External Beam Radiation Therapy
External beam radiation therapy is a local treatment, meaning that the radiation is aimed only at a specific part of your body. For example, if you have lung cancer, you will get radiation to your chest only and not the rest of your body.
External beam radiation therapy comes from a machine that aims radiation at your cancer.
Radiation is sometimes given in smaller doses twice a day (hyperfractionated radiation therapy). Your doctor may prescribe this type of treatment if he or she feels that it will work better. Although side effects may be more severe, there may be fewer late side effects. Doctors are doing research to see which types of cancer are best treated this way.
If you agree to have external beam radiation therapy, you will be scheduled for a treatment planning session called a simulation. At this time:
- A radiation oncologist and radiation therapist will define your treatment area (also called a treatment port or treatment field). This refers to the places in your body that will get radiation. You will be asked to lie very still while x-rays or scans are taken to define the treatment area.
- The radiation therapist will then put small marks (tattoos or dots of colored ink) on your skin to mark the treatment area. You will need these marks throughout the course of radiation therapy. The radiation therapist will use them each day to make sure you are in the correct position. Tattoos are about the size of a freckle and will remain on your skin for the rest of your life. Ink markings will fade over time. Be careful not to remove them and make sure to tell the radiation therapist if they fade or lose color.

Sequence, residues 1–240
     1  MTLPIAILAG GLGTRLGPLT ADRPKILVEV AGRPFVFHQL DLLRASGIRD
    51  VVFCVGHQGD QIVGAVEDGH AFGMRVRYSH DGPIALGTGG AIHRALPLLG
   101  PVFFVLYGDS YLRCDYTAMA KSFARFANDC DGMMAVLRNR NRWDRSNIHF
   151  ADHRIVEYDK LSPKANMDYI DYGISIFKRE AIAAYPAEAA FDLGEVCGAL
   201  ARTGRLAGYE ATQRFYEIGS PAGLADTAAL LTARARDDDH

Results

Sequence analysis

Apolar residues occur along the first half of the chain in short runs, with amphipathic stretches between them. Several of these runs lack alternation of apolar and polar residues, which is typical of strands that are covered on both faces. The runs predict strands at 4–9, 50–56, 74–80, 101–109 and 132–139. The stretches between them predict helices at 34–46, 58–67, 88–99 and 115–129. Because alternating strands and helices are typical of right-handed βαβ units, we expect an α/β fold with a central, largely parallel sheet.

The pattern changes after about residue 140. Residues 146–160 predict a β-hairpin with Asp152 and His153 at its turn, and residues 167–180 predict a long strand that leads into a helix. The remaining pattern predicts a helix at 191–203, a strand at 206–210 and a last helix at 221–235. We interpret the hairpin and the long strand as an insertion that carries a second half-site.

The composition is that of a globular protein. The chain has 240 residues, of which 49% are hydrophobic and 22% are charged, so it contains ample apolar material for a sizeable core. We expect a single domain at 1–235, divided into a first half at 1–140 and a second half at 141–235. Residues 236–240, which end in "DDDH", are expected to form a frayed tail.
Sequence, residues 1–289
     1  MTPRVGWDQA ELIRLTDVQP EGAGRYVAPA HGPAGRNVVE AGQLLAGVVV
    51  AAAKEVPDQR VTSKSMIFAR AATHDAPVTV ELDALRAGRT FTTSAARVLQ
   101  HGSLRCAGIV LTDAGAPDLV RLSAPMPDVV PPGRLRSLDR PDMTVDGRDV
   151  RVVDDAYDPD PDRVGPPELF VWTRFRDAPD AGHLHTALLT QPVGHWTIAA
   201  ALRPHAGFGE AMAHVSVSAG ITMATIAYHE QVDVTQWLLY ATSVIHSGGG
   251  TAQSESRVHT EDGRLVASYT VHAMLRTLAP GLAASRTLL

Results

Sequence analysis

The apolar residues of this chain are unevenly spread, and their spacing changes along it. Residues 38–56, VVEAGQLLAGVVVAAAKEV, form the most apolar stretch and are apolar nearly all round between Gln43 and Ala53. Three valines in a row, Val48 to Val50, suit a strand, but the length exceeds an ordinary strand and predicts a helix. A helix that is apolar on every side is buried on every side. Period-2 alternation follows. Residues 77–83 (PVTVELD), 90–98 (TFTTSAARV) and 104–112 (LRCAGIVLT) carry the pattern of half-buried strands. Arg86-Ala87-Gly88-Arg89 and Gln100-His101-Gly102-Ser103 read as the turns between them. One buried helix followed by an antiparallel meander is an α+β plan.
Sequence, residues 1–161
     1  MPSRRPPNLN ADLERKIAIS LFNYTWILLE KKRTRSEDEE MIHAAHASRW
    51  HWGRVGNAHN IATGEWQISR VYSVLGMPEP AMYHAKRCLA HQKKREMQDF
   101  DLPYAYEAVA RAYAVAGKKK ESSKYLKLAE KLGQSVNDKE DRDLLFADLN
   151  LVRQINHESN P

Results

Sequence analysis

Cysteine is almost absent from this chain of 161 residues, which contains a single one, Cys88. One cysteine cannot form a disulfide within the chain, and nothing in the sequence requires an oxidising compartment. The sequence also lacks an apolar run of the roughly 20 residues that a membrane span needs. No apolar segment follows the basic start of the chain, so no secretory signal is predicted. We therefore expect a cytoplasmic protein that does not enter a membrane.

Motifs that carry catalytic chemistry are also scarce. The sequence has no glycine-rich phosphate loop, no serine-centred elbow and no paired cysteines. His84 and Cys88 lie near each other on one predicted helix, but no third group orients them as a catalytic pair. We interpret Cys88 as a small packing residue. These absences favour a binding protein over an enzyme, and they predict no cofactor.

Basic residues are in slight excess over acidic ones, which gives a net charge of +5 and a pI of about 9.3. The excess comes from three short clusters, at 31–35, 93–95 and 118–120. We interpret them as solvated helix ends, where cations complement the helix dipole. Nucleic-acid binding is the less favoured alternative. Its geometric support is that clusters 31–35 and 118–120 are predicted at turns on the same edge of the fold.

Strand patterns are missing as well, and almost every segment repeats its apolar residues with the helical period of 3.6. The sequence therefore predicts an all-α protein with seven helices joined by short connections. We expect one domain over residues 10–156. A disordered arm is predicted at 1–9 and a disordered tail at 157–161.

- You may need a body mold. This is a plastic or plaster form that helps keep you from moving during treatment. It also helps make sure that you are in the exact same position each day of treatment.
- If you are getting radiation to the head, you may need a mask. The mask has air holes, and holes can be cut for your eyes, nose, and mouth. It attaches to the table where you will lie to receive your treatments. The mask helps keep your head from moving so that you are in the exact same position for each treatment.
If you are getting radiation to the head, you may need a mask.
If the body mold or mask makes you feel anxious, see "Your Feelings During Radiation Therapy" for ways to relax during treatment.
- You may be asked to change into a hospital gown or robe.
- You will go to a treatment room where you will receive radiation.
- Depending on where your cancer is, you will either sit in a chair or lie down on a treatment table. The radiation therapist will use your body mold and skin marks to help you get into position.
- You may see colored lights pointed at your skin marks. These lights are harmless and help the therapist position you for treatment each day.
- You will need to stay very still so the radiation goes to the exact same place each time. You can breathe as you always do and do not have to hold your breath.
- Bring something to read or do while in the waiting room.
- Ask if you can listen to music or books on tape.
- Meditate, breathe deeply, use imagery, or find other ways to relax. To learn more about ways to relax, see Facing Forward: Life After Cancer Treatment, a book from the National Cancer Institute. You can order a free copy at www.cancer.gov/publications or 1-800-4-CANCER.